They need to point out that Trump has literally attacked the poor, disabled, low-income, and elderly with his statements of his policies. Everything he's said and done so far has disadvantaged already vulnerable groups. He said it straight out:

                                      IN IOWA:

                                      Because at the end of the day, Trump explained, he doesn’t want “a poor person” in charge of the economy.

                                      “Somebody said, ‘Why did you appoint a rich person to be in charge of the economy?’” Trump told the crowd. “[And] I said: ‘Because that’s the kind of thinking we want.’” Trump went on to explain to the unwashed masses that Ross and Cohn “had to give up a lot to take these jobs” and that the former Goldman No. 2 “went from massive paydays to peanuts.”

                                      Amazingly, it somehow got even better from there.

                                      “I love all people,” Trump said. “Rich or poor. But in those particular positions I just don’t want a poor person. Does that make sense?” Trump asked. Perhaps he was waiting for someone in the crowd to shout back, Yes, Donald, it does!

                                      https://www.vanityfair.com/news/2017/06/donald-tru...


                                      Another view of his remarks here: https://www.cnn.com/2017/06/22/politics/donald-tru...


                                      And this report:


                                      President Donald Trump has offered a simple explanation for his wealthy Cabinet choices: Rich people know how to manage money better than poor people do.

                                      In a rambling aside at a rally in Iowa on Wednesday night, Trump responded to criticism about his choices for top economic jobs, including billionaire investor Wilbur Ross for Commerce secretary and former Goldman Sachs President Gary Cohn for chief economic advisor.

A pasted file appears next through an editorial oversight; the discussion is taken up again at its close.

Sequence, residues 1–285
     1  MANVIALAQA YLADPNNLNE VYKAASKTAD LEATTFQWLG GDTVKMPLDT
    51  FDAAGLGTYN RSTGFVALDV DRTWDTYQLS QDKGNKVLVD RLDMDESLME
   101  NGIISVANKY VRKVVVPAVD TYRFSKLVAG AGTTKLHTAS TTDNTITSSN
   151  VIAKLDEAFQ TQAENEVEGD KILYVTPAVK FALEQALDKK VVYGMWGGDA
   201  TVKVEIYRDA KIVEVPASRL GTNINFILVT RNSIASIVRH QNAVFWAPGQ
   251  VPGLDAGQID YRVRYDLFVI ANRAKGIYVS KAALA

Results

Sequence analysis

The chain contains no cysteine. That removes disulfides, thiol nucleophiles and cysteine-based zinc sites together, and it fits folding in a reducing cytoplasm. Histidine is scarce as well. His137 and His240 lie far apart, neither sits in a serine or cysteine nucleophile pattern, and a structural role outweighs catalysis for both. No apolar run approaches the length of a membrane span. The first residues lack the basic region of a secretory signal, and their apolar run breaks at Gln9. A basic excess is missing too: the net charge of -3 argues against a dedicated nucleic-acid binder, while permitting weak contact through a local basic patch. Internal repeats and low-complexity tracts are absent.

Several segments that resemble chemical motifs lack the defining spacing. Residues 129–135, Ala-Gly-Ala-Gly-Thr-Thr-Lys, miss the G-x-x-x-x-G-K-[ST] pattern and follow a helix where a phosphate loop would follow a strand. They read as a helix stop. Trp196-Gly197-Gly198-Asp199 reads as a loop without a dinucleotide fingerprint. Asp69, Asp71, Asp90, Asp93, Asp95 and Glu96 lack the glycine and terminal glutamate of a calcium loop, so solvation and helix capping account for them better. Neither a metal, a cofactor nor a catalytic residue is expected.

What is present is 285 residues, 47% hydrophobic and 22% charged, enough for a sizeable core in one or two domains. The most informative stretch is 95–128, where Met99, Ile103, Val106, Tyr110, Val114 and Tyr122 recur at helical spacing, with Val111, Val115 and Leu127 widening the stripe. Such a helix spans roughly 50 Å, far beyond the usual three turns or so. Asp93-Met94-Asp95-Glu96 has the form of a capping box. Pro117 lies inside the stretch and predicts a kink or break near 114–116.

Trump, who bashed Goldman Sachs during the presidential campaign, received backlash for choosing wealthy Wall Street figures for top administration posts. Many of his nominees had complex financial holdings around the world, which created myriad potential conflicts.

                                      Trump contended on Wednesday that wealthy people can better run the U.S. economy because they do not need money.

                                      "I love all people, rich or poor. But in those particular positions, I just don't want a poor person," Trump said. "Does that make sense? Does that make sense? If you insist, I'll do it. But I like it better this way, right?"


                                      Here are Trump's comments from the Iowa rally:

                                      So, somebody said, 'Why did you appoint a rich person to be in charge of the economy?' … I said, 'because that's the kind of thinking we want.' I mean, you know, really. Because they're representing the country. They don't want the money. They're representing the country and they had to give up a lot to take these jobs. They gave up a lot. And you get the president — this is the president of Goldman Sachs. Smart. Having him represent us. He went from massive paydays to peanuts, to little tiny — I'm waiting for them to accuse him of wanting that little amount of money. They wanted that. But these are people that are great, brilliant business minds. And that's what we need, that's what we have so the world doesn't take. … We can't have the world taking advantage of us anymore. And I love all people, rich or poor. But in those particular positions, I just don't want a poor person. Does that make sense? Does that make sense? If you insist, I'll do it. But I like it better this way, right?